The manufacturing of land by the combination of sand, rock, labor, and capital is a common practice internationally among coastal megacities. Since the 17th century, Tokyo has added nearly 25,000 hectares of land in its harbor. In Hong Kong, 6 per cent of its territory has been reclaimed as of 2011. In proximity to Edinburgh, the west side of the Port of Leith was also extended through land reclamation in 2008. To carry out the process of reclaiming land in Panama City, which is defined as the process of creating new land from ocean, riverbeds, or lake beds,” Grupo Los Pueblos has contracted Royal Boskalis Westminster N.V., a Netherlands based construction company that specializes in maritime infrastructure. Boskalis owns one of the largest dredging fleets in the world, having worked on projects globally that include the Chek Lap Kok airport in Hong Kong, land reclamation projects in the Kingdom of Bahrain, multiple contracts in Singapore, and was awarded the contract for the Suez Canal expansion, to name a few.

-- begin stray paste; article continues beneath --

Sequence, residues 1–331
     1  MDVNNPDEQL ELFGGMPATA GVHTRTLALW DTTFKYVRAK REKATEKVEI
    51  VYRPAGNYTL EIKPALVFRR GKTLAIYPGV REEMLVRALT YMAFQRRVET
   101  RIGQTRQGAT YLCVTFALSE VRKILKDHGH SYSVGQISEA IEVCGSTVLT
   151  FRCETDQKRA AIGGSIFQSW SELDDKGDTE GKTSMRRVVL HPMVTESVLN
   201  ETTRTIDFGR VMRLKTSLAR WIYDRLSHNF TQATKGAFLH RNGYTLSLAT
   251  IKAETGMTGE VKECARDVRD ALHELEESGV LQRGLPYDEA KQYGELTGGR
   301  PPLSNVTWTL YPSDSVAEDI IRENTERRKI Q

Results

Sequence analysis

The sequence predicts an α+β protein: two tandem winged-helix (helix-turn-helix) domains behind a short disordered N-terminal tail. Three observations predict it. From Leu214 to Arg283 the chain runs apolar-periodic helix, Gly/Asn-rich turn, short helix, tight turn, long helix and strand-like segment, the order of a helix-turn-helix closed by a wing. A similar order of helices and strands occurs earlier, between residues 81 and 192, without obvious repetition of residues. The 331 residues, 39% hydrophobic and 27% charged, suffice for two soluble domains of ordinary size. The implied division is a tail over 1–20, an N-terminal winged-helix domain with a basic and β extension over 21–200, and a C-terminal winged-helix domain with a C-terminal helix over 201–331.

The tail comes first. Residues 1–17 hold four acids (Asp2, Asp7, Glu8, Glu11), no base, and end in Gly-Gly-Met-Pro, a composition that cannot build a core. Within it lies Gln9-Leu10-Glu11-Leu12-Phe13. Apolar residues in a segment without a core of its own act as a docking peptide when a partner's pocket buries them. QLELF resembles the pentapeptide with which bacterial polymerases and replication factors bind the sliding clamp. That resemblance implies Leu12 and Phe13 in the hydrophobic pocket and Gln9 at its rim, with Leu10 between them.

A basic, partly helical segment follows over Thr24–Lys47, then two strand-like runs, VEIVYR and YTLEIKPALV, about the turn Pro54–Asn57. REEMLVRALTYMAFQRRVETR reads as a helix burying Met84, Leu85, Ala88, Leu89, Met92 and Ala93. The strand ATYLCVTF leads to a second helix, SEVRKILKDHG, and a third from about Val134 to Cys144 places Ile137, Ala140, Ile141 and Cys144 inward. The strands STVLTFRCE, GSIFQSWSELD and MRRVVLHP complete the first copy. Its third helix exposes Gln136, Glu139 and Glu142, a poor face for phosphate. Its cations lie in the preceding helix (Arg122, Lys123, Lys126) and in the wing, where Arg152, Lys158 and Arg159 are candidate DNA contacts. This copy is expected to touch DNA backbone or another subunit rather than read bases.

Both islets’ foundations have begun as robust dikes of mined rock collected from the Vacamonte region of Panama, private land owned by the developers themselves. Approximately 650,000 m3 of rock has been collected for the formation of the islands. The periphery of layered rock will protect from the twice daily tides of the Pacific Ocean. Following the creation of the bathtub, the outlining process of rock that forms the shape of the island, sand collected two miles offshore is pumped into the negative space. Through this process, territory, an assembled materiality, now becomes a tradeable and moveable commodity. The assemblage of matter, the social relations of capital and its literal accumulation, environmentally dispossesses the sand and rock beds from the previous location. “At sites of removal, the loss [of these resources] can radically expose communities to increased risks” and the ecological impacts of terraforming can be catastrophic.